This is not to say that no scientific knowledge concerning consciousness is possible. As Searle himself points out, advancements have been made in the study of consciousness through the "building block" approach. This approach to some extent eases the problem of the observer and observed by isolating individual, instantaneous moments of "microconsciousness" that an observer may for the most part separate himself or herself from. But Searle dismisses this approach as not adequate for an accurate study of consciousness as a unified field.

Searle concludes his article by enunciating the difference between the view of consciousness as a "computer program" that plays itself out in our brains but could just as well play out on an alternative hardware, and the view of consciousness as a biological problem in which the brain figures prominently not just as an arena but as an active contributor. This clearly has implications for discussions about machine intelligence and human intelligence, and what is meant by intelligence in general.

One important element to bring into this discussion is the difference between types of knowledge. Epistemologists and computational theorists isolate two types of knowledge: semantic and syntactic. These terms are most often used in the context of language. Syntactic knowledge is the knowledge of the rules that govern a system -- for instance, English grammar. Semantic knowledge, on the other hand, is the knowledge of the meaning created by the rules that govern a system -- for instance, the knowledge of the meaning of a sentence. In a general sense, semantic knowledge can be defined as "long-established knowledge about objects, facts, and word meanings" (Levy et al., 2004, para.1), while syntactic knowledge is specific knowledge acquired in becoming proficient in a system.

The differences between these types of knowledge are clear to anyone who has tried to learn a non-native language. For instance, I took Spanish classes in high school. The focus was mainly on syntactic knowledge -- the acquisition of vocabulary, the conjugation of verbs, the gender of nouns, the appropriate construction of sentences. After these syntactic foundations were acquired, effort was put into building a semantic knowledge in which I could decipher meaning using the syntactic tools I had learned. This effort was generally unsuccessful, both for me and for many of my classmates. When I spent some time in Mexico, however, I was able to develop semantic knowledge very quickly, not because I found my syntactic knowledge particularly useful, but because I was constantly exposed to the language in the context of its meaning and was therefore able to bypass the syntactic knowledge and build the semantic knowledge separately.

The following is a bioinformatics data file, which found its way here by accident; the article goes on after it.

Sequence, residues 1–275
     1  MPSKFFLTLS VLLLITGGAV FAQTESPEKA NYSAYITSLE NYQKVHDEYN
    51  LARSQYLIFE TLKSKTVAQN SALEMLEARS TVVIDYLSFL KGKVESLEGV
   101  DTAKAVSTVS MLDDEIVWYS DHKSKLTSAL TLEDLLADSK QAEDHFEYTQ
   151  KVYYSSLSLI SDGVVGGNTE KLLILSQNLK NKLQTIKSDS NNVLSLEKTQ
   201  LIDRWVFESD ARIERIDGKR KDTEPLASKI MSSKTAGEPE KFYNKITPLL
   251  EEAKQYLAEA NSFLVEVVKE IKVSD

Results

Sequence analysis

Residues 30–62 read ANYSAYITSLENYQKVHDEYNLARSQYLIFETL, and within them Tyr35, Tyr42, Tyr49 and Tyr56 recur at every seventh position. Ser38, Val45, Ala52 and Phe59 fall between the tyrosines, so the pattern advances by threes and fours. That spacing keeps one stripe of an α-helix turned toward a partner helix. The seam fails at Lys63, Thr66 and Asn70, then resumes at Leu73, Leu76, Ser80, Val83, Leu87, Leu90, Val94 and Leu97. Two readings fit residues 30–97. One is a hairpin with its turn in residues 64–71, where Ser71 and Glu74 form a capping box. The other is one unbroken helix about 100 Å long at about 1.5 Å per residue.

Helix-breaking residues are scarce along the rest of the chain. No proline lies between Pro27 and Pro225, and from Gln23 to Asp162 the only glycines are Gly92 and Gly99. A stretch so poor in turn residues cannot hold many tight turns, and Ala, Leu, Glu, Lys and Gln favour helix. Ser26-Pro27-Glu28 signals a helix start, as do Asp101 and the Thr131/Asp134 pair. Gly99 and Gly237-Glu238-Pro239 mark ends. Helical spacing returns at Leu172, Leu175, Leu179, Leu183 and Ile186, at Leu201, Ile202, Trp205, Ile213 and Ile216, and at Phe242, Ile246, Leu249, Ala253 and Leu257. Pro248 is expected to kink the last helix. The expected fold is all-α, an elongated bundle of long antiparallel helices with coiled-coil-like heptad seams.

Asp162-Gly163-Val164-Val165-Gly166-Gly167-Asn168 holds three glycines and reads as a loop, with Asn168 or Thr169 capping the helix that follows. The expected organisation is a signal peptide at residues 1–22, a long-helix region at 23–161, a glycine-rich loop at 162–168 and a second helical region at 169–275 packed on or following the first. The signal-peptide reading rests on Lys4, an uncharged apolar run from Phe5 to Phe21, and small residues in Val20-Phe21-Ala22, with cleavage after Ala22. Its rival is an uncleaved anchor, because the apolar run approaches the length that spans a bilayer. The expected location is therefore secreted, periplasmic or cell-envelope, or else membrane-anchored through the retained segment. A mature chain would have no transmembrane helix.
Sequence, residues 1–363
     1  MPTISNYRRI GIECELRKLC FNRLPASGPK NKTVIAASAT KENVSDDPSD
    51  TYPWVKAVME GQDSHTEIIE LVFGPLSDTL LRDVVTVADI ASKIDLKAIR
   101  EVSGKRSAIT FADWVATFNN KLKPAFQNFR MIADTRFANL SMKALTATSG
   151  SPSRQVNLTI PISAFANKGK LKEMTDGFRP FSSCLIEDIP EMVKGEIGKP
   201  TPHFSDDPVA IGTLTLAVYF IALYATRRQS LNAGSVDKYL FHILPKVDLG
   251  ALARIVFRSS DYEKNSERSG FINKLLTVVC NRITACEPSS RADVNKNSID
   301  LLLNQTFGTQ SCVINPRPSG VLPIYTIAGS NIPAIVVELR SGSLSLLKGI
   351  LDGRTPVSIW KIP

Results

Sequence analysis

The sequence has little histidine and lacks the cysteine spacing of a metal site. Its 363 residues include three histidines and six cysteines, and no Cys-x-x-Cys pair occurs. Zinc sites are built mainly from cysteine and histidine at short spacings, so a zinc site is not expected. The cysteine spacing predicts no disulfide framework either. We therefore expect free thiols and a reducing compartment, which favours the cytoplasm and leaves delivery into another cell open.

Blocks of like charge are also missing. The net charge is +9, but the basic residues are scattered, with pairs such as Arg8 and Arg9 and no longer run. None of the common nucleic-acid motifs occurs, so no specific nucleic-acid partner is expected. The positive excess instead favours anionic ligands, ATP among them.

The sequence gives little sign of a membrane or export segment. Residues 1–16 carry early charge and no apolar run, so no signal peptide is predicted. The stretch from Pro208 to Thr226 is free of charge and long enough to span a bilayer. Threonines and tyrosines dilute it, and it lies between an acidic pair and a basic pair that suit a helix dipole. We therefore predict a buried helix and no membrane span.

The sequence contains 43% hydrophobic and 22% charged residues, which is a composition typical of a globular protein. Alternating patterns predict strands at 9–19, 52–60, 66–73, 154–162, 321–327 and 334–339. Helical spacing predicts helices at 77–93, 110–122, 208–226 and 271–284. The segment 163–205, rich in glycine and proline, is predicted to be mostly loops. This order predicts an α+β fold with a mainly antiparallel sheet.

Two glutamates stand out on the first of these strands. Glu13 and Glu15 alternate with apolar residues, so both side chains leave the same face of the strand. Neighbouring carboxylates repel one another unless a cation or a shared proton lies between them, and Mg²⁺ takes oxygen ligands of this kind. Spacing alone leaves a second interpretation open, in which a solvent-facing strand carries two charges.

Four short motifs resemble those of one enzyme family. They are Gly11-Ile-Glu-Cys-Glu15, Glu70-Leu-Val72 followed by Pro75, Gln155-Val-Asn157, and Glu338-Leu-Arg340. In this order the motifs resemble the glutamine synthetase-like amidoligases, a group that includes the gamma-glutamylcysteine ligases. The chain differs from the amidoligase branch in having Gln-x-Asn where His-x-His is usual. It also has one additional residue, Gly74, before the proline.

These two views of language are somewhat akin to the two views of consciousness that Searle points out in his article: "building block" consciousness and "unified field" consciousness. The "building block" view of consciousness very much resembles syntactic knowledge -- the processing of individual components of an experience as separate parts of a conscious system. As Searle points out, however, scientists engaged in the "building block" approach come across much the same problem as my high school Spanish teacher -- the problem of binding, or the creation of a seamless awareness or knowledge from the disparate body of syntactic knowledge.

Searle's "unified field" approach to consciousness, on the other hand, resembles semantic knowledge in many ways. Semantic knowledge expresses syntactic knowledge, not as a separate phenomenon, but as one of a variety of expressions of itself. My semantic knowledge of Spanish includes knowledge of the syntax of the Spanish language, but not as a separate knowledge put into practice in a semantic way; rather, it is a natural feature of my semantic knowledge. This is much like Searle's description of unified field consciousness -- he stresses that the unified field is not a "stage" upon which the "actors" of individual conscious experiences act, but instead it is a topography on which individual conscious experiences are features (574).

This brings us to the ideas underlying the concept of syntactic and semantic knowledge: "form" and "content." Form and content seem on the surface to be simple ideas. Form is the structure that defines an object, experience, or phenomenon, while content is the substance of which it is made. It can easily been with this paper, for instance, that the form constitutes all of its structural elements, and the content constitutes the ideas and arguments expressed in it. Even this basic example, however, is not as simple as it seems, and the division between form and content can be difficult to pinpoint if looked at carefully. Is the use of the indent at the beginning of this paragraph part of the paper's form or part of its content? It is a syntactical tool and helps to define the structure of…